However.

While a lot of me wants to rant about how I can be a Christian and still be a Democrat, how liberal is not a bad word, how pro-life should be for the duration of life and not just and how I don't understand why McCain was seen as the Christian candidate by so many when he's the one of the two who had an affair, got divorced, and doesn't claim to go to church... I'm not going to right now. I want to talk about how excited I am to have a black president.

Yes, I know he is half white. But it wasn't black people who initiated the one drop rule. It was white people and black people suffered for it in a lot of ways. I for one, am totally happy to say that we have our first black president.

But how happy I am for my own self is nothing compared to how happy I am for all the kids I have worked with. For eight years I worked with primarily black students who were resigned to the fact that presidents would always be old white men. As a white person, I could tell them that they could be anything that they want to be - even the president! - but it's really hard to believe that something is possible when you've never seen it. These kids finally have an example.
When I got to Oakland, I didn't think racism was still as alive and well as it is. It may not be as obvious as it has been in the past but it is still entrenched. If you don't believe me, feel free to leave a comment and say so and I'll dedicate a post just to examples of entrenched racism but I'm not going to do that now.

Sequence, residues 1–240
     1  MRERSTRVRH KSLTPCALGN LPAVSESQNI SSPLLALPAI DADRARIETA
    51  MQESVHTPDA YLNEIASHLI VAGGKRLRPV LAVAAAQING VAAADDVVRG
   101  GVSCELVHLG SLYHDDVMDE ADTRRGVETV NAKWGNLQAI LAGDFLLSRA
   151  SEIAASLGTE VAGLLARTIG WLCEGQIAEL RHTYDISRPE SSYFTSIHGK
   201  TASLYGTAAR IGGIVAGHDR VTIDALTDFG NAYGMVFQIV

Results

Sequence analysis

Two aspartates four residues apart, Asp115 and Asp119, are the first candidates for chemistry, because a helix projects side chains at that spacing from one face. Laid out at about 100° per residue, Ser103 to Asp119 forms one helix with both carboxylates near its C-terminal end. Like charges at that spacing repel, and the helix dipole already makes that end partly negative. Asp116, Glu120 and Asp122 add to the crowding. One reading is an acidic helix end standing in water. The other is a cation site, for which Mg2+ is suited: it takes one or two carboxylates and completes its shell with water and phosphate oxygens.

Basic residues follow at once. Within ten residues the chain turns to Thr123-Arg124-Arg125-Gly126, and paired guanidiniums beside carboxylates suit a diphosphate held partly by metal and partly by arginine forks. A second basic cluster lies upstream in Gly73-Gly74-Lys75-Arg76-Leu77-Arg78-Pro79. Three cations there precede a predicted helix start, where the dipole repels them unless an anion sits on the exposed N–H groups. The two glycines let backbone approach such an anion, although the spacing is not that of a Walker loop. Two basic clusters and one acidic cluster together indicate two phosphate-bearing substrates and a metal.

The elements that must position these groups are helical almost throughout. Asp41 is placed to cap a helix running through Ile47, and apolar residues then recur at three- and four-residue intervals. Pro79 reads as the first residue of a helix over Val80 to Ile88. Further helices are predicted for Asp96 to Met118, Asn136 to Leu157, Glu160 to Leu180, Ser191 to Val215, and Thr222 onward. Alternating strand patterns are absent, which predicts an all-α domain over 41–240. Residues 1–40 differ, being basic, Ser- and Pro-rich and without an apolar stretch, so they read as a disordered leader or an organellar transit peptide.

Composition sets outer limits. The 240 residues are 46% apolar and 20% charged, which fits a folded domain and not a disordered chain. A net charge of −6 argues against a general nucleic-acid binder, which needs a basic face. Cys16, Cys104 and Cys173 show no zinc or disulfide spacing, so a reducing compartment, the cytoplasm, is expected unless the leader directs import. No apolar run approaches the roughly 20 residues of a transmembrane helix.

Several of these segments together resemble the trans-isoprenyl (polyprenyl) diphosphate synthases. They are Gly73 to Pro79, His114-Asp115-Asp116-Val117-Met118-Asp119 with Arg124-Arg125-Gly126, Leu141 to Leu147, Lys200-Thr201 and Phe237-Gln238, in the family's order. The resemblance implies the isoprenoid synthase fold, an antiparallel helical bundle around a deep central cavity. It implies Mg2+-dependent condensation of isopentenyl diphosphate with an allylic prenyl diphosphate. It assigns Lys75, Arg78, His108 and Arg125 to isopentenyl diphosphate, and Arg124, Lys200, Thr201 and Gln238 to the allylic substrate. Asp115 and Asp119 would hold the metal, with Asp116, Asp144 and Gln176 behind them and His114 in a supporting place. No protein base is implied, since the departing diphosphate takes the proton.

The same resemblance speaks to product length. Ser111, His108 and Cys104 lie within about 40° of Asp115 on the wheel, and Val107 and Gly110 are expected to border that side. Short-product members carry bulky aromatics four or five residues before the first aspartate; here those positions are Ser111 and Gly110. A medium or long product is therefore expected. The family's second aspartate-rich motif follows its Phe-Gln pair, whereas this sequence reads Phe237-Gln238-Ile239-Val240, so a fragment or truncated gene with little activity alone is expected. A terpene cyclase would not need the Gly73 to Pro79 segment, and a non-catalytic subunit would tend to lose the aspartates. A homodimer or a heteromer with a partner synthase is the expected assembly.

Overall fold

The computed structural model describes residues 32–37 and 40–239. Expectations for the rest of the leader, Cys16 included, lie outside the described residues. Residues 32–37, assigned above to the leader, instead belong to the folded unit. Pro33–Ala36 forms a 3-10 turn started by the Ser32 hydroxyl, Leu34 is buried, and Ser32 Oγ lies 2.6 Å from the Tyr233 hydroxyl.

I'm just going to say that I will never have to hear again that an eight year old thought they "they just didn't let black people be president." And for these kids, that is huge. It's a barrier that needed to be broken.


Two years ago: A Black President

Three years ago: No Wonder I'm Still Tired!

Four years ago: Did You Know?

Tuesday, November 02, 2010

I'm a Lizard

Quick Halloween story (a little late - I lost my beloved dog on Halloween).

I had a student who wasn't super bright.  Nice kid, good heart, tried hard, just wasn't the sharpest crayon in the box.  He kind of had a reputation for not being the smartest kid, and the other teachers knew it.

On Halloween, one of my colleagues was dressed up as a bee.  He wore a black and yellow striped rugby shirt, big bug sunglasses, antennae, and wings.  This kid, "Timmy," walked up to him and said, "Mr. M, what are you supposed to be?"  Mr. M just looked at him and decided to go for making fun of the gullible kid.  He said, "Timmy, I'm a lizard."

Timmy looked at him carefully and said, "That's funny."

He ran back to me and said, "Did you know Mr. M is dressed up as a lizard?  The weird thing is that he looks just like a bee!"

Three years ago: They Can't Keep Employees? Really?  What a Surprise!

Four years ago: Eating Lunch!  Or not.

Monday, November 01, 2010

Solomon

My wonderful doggie passed away last night.  I'll have another school Halloween story soon, but for now I'm just missing the doggie.










Two years ago: Random Political Thoughts

Three years ago: A Brief Political Note